Tamara Faith Berger talks to Whitney Mallett


Portraits by Luna Khods

Tamara Faith Berger writes the best similes. Like the rest of her prose, they’re visceral and utilitarian. “My mouth felt like wallpaper glue” or “the smell from her shorts was like milk on the verge.” The pleasure of Berger’s language, the way it grabs you—you can flip open a page at random and it’ll still sink its hooks into you.

Berger’s most recent novel full of these snagging sentences begins with its unnamed narrator completely fucked up by the return of Barbra, an Ethiopian-Israeli exchange student who stayed with his family for an eight-week period seven years ago when they were both teenagers. And in the time since, he’s written his life around that summer. It was the precipitating event, the impetus for the aftermath in the story he’s continually re-telling to himself as well as to his therapist, Dr. Bornstein, and his girlfriend, Ariane. He calls Barbra his “molester.” But it’s complicated—he calls himself the “abuser.”

Though Barbra’s a fictional character, her narrative is based in recent history. She’s one of the 14,000 Ethiopian Jews that the Israeli military emergency airlifted to Israel in a mere 36 hours during Operation Solomon. The Israeli government’s 1991 “rescue mission” was motivated by fears that growing threats of political instability in the country would leave the Jewish population in danger. Barbra was five years old when a soldier grabbed her and put her on a plane heading to a foreign country where she’d grow up as an orphan and racial minority.

A Zionist with a white savior complex, the narrator’s father thinks Operation Solomon was this miraculous humanitarian effort and he’s so excited to have sponsored one of the repatriated Jewish youths through the local Rotary Club chapter. He thinks Barbra will be a grateful orphan singing Israel’s praises to the rest of the club’s gentile members, but instead she calls herself an exile, recounts a soldier feeling under her dress as a little girl, and upon her arrival in Israel, being given a number in a camp. The narrator’s mother has a more woke point-of-view than her husband, using words like trauma and abuse to describe Barbra’s experience. The narrator and Barbra start playing escalating sadomasochistic role-playing games, sometimes acting out Barbra’s abduction.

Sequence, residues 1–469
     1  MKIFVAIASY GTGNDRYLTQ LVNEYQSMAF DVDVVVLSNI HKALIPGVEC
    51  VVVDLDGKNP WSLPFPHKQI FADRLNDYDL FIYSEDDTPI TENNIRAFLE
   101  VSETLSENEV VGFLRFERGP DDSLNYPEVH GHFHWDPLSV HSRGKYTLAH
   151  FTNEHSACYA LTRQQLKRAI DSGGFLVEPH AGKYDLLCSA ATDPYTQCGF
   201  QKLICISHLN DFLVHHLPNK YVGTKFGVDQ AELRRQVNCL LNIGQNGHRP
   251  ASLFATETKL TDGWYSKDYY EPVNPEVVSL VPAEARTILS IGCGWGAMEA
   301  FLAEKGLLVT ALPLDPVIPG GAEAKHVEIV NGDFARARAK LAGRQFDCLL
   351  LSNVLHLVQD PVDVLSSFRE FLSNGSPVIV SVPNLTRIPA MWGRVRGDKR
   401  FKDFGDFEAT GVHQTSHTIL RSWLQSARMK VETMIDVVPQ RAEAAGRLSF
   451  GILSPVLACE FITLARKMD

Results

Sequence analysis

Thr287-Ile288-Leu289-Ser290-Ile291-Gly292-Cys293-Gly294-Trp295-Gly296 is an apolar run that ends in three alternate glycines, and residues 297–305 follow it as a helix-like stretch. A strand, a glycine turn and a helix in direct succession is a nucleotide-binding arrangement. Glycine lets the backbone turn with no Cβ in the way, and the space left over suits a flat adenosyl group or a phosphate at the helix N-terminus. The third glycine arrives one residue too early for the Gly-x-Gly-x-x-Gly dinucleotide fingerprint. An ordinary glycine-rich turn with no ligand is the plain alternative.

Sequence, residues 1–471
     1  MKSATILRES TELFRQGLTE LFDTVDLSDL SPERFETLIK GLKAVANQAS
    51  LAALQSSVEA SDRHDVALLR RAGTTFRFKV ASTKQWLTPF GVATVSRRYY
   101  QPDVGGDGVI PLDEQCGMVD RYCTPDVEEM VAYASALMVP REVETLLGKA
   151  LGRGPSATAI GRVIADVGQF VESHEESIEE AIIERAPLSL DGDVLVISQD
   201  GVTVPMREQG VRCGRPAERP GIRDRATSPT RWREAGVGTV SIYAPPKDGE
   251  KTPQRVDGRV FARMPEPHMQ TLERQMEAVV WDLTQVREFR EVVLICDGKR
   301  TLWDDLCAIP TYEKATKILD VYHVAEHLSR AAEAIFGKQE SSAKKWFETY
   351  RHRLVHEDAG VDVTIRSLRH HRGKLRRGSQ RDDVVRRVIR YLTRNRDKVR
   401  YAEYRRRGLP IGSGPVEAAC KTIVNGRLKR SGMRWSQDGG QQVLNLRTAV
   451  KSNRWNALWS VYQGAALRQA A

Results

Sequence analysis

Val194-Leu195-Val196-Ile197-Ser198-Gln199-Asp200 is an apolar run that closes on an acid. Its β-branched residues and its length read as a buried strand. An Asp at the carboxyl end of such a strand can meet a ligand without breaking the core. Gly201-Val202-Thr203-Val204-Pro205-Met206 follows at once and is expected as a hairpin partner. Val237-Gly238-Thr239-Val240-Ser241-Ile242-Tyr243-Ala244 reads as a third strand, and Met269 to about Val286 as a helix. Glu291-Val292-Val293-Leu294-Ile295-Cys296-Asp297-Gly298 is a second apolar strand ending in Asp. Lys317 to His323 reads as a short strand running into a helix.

Queen Solomon is Berger’s fifth novel and definitely not her first starring teenagers in a sort of smutty bildungsroman. Her characters are finding themselves sexually while they’re also figuring out the world and how power is distributed across race, gender, and class. Desire and coercion are both at play. Like Michel Houellebecq, her characters pivot seamlessly from sex to cultural anthropology. And like Chris Kraus, they’re readers interpreting the world around them through the lens of books. The reading list in Queen Solomon includes Kafka’s Metamorphosis, Ka-Tzetnik 135633’s House of Dolls, and Sabbatai Sevi: The Mystical Messiah.

I talked to Berger about her latest book on the phone from her home in Toronto.

Where did this narrator character come from?

There’s always been this story in my mind, the story of my high school friend who got schizophrenia. We were all a part of a really close-knit group and he just totally changed. I was thinking a lot about him when I started writing Maidenhead. The story was leftover, though, and I really needed to make it more central to a book.

Also I’ve always felt sort of stuck around Jewish men and I thought the best way to get over that was to get behind one and mess around. I didn’t want Jewish men to have such a hold over me, and after writing this book, they don’t so much anymore. I was trying to be as kind as possible to my narrator but to work with what actually has disturbed me about Jewish men, which is their righteousness and clannishness. I wanted to deal with a story that took apart a little bit the power of Judaism and Jewish men over me.

The story is very specific to these Jewish issues, but it also reminded me of more broad studies of victimhood in the zeitgeist right now, relating to identity politics, like Sarah Schulman’s book Conflict is Not Abuse.

I really liked that book. I sort of expected there’d be some big pushback against it and weirdly there wasn’t. But I felt like it was a really important book which just prefigured the #MeToo movement.